I stopped and wondered what to do. My one inflexible rule is to produce a book that I’d want to read myself. This one hit the spot for much of its length but by no means all of it.

I’m not a natural sharer on such occasions but would have happily shared this if I could think of a way. But I’d pretty much need to get someone to read the whole thing. And that wouldn’t really work either because I needed to know why I was unhappy before I could do anything about it.

I don’t have a Fortress of Solitude and wouldn’t use it if I did. Instead I put everything away and had a couple of days not touching the book itself but just mulling things over while I did other things. I walked a bit in town, stopped for coffee, chatted, all the usual stuff. At one point I remembered I’d promised to deliver the MS within a fortnight and wondered whether I’d get anywhere close. Worse still, would it get shelved?

I didn’t want to even think of that. But I determined not to get neurotic, and not to give up hope.

I was still thinking when I went to sleep two nights later. Next morning, waking very early, I felt I was on to something.  I made coffee, grabbed a pencil and wrote it all down before I had a chance to forget it. I went back to bed, couldn’t sleep, got up and started the rewrite.

The real plot isn’t about the re-enactment of the murders at all, although they are an essential component. It’s actually about the reason the original murders remain so well known and notorious after more than a century. That is far more mysterious as an enduring mystery, and what better way to discover the reason than via a present day replication?

Relief surged: the rewrite was almost a pleasure and I delivered it a week later. But I’d love to know how, when I’d been living with the thing for about two years, I missed what my own book was really about.

Comments and any shared similar experience are welcome: I’d like to hear someone say it’s happened to them too.

What I was careful not to change was descriptions based on the information my kind party victims gave me. Not forgiving oneself is one thing; letting down a whole group of new friends would be quite another.

The cover image also remains unchanged and is attached to this blog. The text of the letter is taken from the novel.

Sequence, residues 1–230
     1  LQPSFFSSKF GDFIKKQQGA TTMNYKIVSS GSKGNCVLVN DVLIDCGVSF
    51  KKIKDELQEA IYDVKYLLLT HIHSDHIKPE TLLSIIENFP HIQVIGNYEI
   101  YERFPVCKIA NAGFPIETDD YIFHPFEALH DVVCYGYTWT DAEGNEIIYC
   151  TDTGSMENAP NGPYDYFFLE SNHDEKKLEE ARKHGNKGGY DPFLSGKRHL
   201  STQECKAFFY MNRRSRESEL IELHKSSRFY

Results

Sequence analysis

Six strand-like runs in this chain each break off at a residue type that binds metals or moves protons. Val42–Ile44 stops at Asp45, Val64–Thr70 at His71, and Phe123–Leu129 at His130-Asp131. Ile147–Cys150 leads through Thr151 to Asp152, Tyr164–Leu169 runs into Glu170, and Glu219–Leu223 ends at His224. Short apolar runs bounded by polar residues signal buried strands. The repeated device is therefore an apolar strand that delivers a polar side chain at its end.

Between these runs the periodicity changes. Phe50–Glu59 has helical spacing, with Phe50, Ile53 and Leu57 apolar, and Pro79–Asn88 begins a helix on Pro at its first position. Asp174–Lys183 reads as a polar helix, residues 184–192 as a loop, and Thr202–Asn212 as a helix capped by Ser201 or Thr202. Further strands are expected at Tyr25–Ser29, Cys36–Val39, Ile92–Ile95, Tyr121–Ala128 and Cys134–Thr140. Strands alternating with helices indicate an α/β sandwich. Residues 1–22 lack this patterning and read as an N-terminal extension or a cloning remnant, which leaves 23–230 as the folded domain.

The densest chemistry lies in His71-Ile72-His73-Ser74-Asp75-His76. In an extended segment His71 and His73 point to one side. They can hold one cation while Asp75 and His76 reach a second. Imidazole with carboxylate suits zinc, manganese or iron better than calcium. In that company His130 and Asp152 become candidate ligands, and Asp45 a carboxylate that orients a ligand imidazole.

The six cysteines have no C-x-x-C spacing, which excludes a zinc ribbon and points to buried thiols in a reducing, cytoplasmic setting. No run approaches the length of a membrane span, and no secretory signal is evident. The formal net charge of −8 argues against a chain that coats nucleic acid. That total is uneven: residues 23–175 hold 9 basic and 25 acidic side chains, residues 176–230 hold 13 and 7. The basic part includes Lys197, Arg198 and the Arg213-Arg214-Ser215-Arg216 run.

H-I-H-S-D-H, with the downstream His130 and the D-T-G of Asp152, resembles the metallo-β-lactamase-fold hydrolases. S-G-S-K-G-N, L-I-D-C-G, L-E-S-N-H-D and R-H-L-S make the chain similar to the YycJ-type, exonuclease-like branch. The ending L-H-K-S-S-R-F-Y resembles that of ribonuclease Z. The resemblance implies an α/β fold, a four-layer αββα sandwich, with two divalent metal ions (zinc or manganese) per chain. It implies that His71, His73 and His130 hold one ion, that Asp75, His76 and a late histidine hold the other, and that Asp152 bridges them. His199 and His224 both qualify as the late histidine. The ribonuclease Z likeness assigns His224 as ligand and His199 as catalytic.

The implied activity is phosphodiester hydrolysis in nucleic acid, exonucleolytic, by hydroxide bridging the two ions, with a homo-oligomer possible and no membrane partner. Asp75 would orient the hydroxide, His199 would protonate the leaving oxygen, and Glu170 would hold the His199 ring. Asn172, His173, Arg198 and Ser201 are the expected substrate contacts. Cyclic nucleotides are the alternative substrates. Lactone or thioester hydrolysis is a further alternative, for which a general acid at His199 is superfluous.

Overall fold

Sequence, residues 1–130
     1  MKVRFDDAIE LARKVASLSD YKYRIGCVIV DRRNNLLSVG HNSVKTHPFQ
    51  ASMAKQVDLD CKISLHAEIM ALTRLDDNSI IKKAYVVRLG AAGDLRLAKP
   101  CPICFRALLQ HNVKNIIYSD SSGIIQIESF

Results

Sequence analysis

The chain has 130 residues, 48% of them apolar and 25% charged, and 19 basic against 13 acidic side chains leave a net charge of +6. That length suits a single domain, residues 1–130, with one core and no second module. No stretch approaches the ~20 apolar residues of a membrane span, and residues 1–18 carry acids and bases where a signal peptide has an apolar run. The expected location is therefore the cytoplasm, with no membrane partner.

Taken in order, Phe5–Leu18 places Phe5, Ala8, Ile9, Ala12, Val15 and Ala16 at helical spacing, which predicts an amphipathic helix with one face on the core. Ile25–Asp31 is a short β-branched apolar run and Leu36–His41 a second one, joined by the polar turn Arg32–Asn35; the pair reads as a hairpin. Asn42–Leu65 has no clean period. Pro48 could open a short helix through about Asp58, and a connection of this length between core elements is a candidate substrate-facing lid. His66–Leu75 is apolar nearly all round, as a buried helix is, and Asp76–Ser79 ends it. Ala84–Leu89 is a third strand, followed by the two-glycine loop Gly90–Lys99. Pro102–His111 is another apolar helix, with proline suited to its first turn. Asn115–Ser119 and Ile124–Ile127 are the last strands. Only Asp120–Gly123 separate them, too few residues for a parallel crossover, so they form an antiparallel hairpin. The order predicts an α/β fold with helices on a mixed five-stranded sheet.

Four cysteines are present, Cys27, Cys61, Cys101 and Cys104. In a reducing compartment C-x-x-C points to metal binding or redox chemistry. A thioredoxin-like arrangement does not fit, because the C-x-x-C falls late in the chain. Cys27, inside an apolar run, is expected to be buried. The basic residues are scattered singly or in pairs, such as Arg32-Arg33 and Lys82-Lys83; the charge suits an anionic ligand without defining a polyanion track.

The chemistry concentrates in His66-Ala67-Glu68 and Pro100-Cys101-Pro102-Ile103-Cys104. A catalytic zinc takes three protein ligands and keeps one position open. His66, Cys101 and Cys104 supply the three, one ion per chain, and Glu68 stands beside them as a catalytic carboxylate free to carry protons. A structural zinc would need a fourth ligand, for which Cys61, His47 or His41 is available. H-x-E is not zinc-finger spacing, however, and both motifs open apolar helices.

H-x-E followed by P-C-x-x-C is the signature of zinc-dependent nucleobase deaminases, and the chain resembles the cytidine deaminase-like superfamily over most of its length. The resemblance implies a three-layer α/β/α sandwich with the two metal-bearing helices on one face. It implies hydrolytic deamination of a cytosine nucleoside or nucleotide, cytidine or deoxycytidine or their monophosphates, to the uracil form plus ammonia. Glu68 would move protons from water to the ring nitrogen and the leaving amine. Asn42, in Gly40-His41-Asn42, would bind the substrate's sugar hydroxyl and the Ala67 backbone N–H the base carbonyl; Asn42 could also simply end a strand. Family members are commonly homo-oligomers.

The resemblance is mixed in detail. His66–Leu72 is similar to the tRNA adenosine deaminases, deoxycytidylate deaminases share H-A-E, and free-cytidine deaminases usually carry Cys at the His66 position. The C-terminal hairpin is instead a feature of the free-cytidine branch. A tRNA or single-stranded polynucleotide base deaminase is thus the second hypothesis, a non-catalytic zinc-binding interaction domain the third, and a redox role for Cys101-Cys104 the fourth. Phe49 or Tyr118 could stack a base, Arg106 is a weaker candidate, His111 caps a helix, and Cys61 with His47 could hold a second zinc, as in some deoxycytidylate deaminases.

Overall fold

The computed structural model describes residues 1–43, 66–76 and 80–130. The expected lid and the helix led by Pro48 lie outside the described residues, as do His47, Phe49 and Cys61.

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BOOK LAUNCH AT THE SHREWSBURY COFFEEHOUSE (Blog Post Revisited)

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Until a fortnight ago I’d never attended a book launch. Sometimes I was in a hurry and just noticed one happening as I passed Waterstone’s or I’d seen them advertised and wasn’t much interested. And they were all of the turn up, buy, and get it signed variety.

A few months ago I was kindly invited to one. I was tempted because I would have very much liked to see the house – pretty much a castle really – and grounds. It belongs to an ennobled person I’ve met once or twice and who had self-published a lengthy book of poetry about his ancestors.

Like a spy in the night I did a bit of surreptitious checking and discovered the order of service. On arrival you received a conducted tour of the house and immediate grounds and then assembled in the library and were given one glass of white wine. The way I drink that wouldn’t have lasted long but that was all you got.

There would then be a speech by a quite well known associate of the author – many local dignitaries would be present it seems – and then the great man himself would talk about the book and read extracts.

While these were still fresh in your mind there would be a sort of shuffle to a table laden with his work and then everyone, and I mean everyone, would pick up a copy; pay for it – and with full colour illustrations these were definitely not cheap – then present it for signing and afterwards disperse.